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Lightning Over Water
Lightning Over Water is a 1980 documentary film by Wim Wenders and Nicholas Ray about the last days of Ray's own life; the director was most famous for his 1955 film Rebel Without a Cause. It was screened out of competition at the 1980 Cannes Film Festival.[1] Summary[edit] The film is a collaboration between Wenders and Ray to document Ray's last days due to terminal cancer in 1979. The film is partially an homage to Ray who had a strong influence on Wenders' work, and partially an investigation on life and death. Ray's influence on Wenders includes Ray's "love on the run" subgenre as well as his film noir photography. The film features excerpts from Ray's movies The Lusty Men and his unfinished final work We Can't Go Home Again. The sequence featuring the former excerpt was shot at Vassar College, at which Ray presented the movie and then gave a lecture, which itself is excerpted. Nicholas Ray appears in a minor role in Wenders' film The American Friend
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Todd Solondz
Todd Solondz (born October 15, 1959) is an American independent film screenwriter and director known for his style of dark, thought-provoking, socially conscious satire. Solondz has been critically acclaimed for his examination of the "dark underbelly of middle class American suburbia," a reflection of his own background in New Jersey.[1] His work includes Welcome to the Dollhouse (1995), Happiness (1998), Storytelling (2001), Palindromes (2004), Life During Wartime (2009), Dark Horse (2011), and Wiener-Dog (2016).Contents1 Biography 2 Early films 3 Feature films3.1 Welcome to the Dollhouse 3.2 Happiness 3.3 Storytelling and Palindromes 3.4 Life During Wartime 3.5 Dark Horse 3.6 Wiener-Dog4 Academic work 5 Awards 6 References 7 Further reading 8 External linksBiography[edit] Solondz was born in Newark, New Jersey. Solondz wrote several screenplays while working as a delivery boy for the Writers Guild of America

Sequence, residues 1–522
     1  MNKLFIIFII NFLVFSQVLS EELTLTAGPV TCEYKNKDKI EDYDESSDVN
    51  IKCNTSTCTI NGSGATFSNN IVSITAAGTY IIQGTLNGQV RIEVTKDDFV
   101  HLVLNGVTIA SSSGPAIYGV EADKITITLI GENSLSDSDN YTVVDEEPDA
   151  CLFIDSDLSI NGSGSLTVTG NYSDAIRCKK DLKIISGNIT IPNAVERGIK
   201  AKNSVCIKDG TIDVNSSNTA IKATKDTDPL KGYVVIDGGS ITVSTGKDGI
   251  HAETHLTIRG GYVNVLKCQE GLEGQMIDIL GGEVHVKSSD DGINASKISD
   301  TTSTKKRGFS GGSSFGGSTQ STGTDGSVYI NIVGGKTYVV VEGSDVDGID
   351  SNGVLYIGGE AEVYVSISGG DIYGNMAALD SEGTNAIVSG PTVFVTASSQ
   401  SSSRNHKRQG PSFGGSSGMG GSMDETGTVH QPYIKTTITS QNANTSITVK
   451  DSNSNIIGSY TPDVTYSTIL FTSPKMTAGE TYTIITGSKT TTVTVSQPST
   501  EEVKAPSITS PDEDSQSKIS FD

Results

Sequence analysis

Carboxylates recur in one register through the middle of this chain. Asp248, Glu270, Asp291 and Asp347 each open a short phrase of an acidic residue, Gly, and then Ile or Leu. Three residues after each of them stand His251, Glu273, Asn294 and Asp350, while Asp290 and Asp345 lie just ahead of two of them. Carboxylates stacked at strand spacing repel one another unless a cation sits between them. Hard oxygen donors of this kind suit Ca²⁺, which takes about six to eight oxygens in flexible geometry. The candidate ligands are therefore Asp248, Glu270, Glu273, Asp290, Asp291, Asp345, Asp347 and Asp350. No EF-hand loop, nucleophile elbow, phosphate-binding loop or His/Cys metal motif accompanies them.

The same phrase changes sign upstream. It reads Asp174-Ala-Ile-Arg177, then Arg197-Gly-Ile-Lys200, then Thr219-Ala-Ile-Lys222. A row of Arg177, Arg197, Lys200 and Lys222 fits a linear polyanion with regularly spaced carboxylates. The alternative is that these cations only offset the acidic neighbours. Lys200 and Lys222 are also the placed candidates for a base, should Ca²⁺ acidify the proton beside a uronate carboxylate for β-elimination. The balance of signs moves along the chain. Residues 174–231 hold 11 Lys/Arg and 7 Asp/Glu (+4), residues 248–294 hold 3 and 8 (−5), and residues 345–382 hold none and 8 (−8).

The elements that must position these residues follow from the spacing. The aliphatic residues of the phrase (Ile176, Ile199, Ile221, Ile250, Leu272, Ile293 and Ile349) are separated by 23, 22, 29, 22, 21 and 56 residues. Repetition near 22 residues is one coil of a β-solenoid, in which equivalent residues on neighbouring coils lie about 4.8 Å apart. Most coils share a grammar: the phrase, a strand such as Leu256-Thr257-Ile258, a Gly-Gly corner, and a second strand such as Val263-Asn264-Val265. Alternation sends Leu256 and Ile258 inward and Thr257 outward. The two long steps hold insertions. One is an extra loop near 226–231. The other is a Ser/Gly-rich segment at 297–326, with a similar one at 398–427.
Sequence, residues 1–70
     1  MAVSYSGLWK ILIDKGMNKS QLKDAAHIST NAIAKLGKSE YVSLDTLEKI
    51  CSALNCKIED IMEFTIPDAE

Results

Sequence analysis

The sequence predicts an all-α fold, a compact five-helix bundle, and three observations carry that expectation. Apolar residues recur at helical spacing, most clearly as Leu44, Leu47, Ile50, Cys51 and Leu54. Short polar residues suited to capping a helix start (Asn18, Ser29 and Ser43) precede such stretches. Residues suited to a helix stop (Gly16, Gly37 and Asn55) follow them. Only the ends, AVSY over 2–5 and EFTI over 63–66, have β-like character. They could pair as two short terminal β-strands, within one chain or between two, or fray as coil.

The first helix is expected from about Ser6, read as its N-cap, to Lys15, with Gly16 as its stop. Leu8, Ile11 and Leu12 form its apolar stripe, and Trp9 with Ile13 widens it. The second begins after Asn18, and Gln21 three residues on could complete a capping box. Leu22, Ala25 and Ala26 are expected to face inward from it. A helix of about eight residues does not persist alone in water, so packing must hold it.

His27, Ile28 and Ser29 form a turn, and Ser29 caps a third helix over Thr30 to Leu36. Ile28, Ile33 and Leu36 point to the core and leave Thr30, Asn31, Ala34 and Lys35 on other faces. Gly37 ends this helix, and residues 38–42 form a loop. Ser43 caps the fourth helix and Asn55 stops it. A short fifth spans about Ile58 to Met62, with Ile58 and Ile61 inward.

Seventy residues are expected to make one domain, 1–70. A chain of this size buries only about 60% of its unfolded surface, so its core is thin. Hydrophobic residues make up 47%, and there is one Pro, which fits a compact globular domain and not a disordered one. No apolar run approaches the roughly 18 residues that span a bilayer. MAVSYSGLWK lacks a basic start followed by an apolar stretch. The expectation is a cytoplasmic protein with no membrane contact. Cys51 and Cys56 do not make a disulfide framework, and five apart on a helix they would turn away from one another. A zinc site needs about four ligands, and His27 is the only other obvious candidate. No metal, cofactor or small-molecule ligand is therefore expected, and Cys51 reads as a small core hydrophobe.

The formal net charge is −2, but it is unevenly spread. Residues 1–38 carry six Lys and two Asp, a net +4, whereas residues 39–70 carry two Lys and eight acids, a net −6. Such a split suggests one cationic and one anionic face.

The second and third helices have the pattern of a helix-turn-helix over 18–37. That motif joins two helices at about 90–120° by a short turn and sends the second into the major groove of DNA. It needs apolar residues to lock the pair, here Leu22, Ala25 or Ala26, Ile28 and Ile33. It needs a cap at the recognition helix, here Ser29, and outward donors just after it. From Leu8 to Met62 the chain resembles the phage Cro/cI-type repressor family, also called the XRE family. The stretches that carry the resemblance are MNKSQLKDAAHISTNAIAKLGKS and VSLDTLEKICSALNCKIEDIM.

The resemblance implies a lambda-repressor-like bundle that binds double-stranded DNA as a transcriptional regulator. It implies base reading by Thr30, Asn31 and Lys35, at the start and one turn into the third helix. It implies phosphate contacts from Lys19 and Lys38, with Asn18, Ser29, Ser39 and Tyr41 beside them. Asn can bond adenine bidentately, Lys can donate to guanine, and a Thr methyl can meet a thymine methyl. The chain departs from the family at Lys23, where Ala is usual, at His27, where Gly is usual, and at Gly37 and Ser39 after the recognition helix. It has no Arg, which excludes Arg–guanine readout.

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Touch (1997 Film)
Touch is a 1997 film written and directed by Paul Schrader, based on a novel by Elmore Leonard. The film, which has elements of drama and black comedy, stars Christopher Walken, Richard Schiff, Bridget Fonda, Skeet Ulrich, Tom Arnold, Gina Gershon, Lolita Davidovich, Janeane Garofalo and Paul Mazursky. It was shot in Fullerton, California. The soundtrack of the movie was composed and recorded by Dave Grohl, and released on his Capitol Records imprint, Roswell Records. The majority of the tracks are instrumental, with the exception of "How Do You Do," as well as two songs performed with Louise Post of Veruca Salt. The release would also mark the first time Grohl used his pseudonym Late, as credited in the liner notes, since the release of Pocketwatch in 1992.Contents1 Plot 2 Cast 3 Reception 4 References 5 External linksPlot[edit] A young man, Juvenal, is apparently able to cure the sick by the laying-on of hands